You Too Can Have a Body Like Mine by Alexandra Kleeman. I put a hold on this book after I read Something New Under the Sun, which blew me away even if I had quibbles with the ending. You Too shares the same elevated, incisive prose and obsession with the surfaces of things–even more so than Something New, because You Too‘s plot is driven by resemblances, preoccupied by physical appearance as well as the terrible sameness of modern lives. This book would have an interesting conversation with A Touch of Jen (summarized in the same link), which is also obsessed with bodies–especially with how women choose or are expected to manipulate their bodily appearance–and how easily one might slip into another’s life. I admire both books, especially You Too for its cleverness, and I wonder what it would have been like to read them as a younger woman. At my age, I’ve spent so long trying to unlearn the religion of external beauty and conformity that the books feel young to me.
This book is not a conventional eating disorder narrative, but: big content note for food issues/disordered eating.
I Love You But I’ve Chosen Darkness by Claire Vaye Watkins, which possibly wins Best Title of 2021. One of the things I loved about the author’s previous novel, Gold, Fame, Citrus, is that artfully incorporated texture and worldbuilding via found items from the dystopian future (reports, bestiaries) and alternate perspectives (villagers as Greek chorus). I will free admit that sometimes I don’t closely read “found” texts within novels, such as in-universe letters or memos, because they often come across as inorganic and unearned. However, the collage effect in Gold was illuminating and skillful.
I Love You is also rife with found objects and different textures; one of the earliest chapters is a postpartum depression survey to which the author has given responses that are profane, funny, dizzyingly emotional, highly specific, and mysteriously relatable. There are references to and quotes from the real life of Paul Watkins, father of the author and also of the novel’s main character Claire Watkins. There are adolescent letters written by Claire Watkins’ mother–real or fiction, I’m not sure. The letters are interspersed with scenes from character Claire Watkins’ homecoming visit to the place where she grew up and grieved traumatic deaths. She parties with her childhood friends, bullshits her way through a few author events, semi-permanently abandons her husband and baby daughter, and ends up on a horse farm and an artist commune at various points. There’s a vagina dentata; it doesn’t make as big an impact on events as you’d think. It’s as if the author is challenging you with her same-named character who is behaving like a famous male author having a midlife crisis. Either you assume her work is autobiographical, which people always assume about women’s work, or you say this isn’t real, in which case do you think that a novel has to be real to be meaningful?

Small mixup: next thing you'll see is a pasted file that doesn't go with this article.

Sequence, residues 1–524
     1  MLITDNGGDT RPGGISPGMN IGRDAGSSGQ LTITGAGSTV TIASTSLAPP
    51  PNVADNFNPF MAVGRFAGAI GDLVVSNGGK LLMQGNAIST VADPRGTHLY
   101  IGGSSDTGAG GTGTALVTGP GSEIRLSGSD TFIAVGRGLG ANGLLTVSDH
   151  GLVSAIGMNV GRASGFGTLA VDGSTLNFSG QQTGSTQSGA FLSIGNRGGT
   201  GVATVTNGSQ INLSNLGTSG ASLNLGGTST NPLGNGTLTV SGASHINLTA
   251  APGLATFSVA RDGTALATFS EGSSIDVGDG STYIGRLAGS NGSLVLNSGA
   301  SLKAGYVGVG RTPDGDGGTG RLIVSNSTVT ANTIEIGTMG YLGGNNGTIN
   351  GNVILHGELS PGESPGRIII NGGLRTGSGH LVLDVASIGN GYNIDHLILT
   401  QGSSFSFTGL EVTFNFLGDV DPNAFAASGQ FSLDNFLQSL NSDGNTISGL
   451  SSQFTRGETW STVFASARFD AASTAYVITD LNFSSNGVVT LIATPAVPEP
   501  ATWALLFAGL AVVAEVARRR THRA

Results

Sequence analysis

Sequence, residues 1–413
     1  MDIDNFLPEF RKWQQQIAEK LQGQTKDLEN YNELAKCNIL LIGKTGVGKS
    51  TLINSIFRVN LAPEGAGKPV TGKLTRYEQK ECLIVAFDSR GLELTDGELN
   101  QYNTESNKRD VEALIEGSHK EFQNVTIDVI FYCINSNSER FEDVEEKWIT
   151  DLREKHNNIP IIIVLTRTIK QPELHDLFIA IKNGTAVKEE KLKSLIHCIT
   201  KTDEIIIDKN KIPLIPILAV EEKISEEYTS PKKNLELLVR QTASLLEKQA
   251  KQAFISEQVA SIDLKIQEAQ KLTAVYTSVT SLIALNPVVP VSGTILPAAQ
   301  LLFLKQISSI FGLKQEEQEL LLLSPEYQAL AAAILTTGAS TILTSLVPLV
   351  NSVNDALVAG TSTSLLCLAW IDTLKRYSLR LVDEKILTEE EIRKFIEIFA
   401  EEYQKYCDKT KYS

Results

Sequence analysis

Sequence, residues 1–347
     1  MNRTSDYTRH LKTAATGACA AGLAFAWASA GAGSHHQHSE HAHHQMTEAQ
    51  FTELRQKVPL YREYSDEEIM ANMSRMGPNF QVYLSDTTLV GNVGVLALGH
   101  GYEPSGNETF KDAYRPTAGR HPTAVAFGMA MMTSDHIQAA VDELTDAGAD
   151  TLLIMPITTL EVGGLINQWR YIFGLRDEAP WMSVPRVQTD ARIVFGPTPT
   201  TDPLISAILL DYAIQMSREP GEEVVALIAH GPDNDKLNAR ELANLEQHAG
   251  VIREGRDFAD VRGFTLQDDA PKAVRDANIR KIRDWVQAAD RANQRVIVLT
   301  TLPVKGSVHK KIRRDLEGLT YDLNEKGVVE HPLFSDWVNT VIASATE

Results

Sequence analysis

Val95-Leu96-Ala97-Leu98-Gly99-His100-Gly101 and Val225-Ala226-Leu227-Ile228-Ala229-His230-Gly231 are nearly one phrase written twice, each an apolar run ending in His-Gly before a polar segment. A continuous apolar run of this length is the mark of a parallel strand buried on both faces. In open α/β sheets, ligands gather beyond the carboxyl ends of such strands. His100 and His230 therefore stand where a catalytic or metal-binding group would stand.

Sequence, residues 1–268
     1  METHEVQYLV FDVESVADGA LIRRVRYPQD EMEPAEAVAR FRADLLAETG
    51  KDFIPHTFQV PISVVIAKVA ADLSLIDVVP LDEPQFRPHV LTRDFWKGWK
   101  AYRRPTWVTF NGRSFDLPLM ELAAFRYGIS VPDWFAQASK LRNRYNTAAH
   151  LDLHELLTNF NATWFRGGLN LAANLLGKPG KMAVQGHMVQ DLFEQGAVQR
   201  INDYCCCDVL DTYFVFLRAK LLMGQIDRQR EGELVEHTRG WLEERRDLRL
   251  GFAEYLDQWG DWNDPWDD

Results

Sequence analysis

I did find myself asking those questions. I did not enjoy the reading experience much, but I did keep reading. The cumulative effect of all those documents and the semiautobiographical narrative was that of a collective, intergenerational, throat-searing scream.
The Book of Form and Emptiness by Ruth Ozeki. I kept incorrectly writing the title as The Book of Being and Nothingness, which of course is a different book–although some of the influence of that book is perceptible in this one. The world is terribly, almost oppressively present and alive for the main character Benny Oh, who perceives the voices and intentions of objects in the world; I kept thinking of the Heidegger translation I read in grad school (“the world worlds”). There is an interesting confluence of the philosophy I read in grad school with a Shinto-esque attitude or Mari Kondo-esque attitude toward things; there’s even a thinly veiled Mari Kondo character, and Walter Benjamin is mentioned by name. But the animism here is all Ruth Ozeki’s own brand of weird and wonderful. About half the novel is narrated by a book or by the concept of Books, for example; at first I was skeptical, but I came to love the Books’ wry collective wisdom, gentle empathy for humanity, and strong (if occasionally wrong) opinions about libraries.
But this is not just a book of ideas. It’s the story of Benny, his well-meaning traumatized mother, and his jazz musician father whose tragic death sends the rest of the Oh family spiraling. It’s the physicality and emotional depth of their lives that kept me reading–although it’s also true that I frequently needed to put the book down and read something less heartbreaking for awhile.
Huge content note for mental illness and institutionalized care, as hearing the cries of the inanimate world doesn’t go over well with authority figures. Also, this book definitely made me want to unburden myself of worldly possessions and move to a monastery.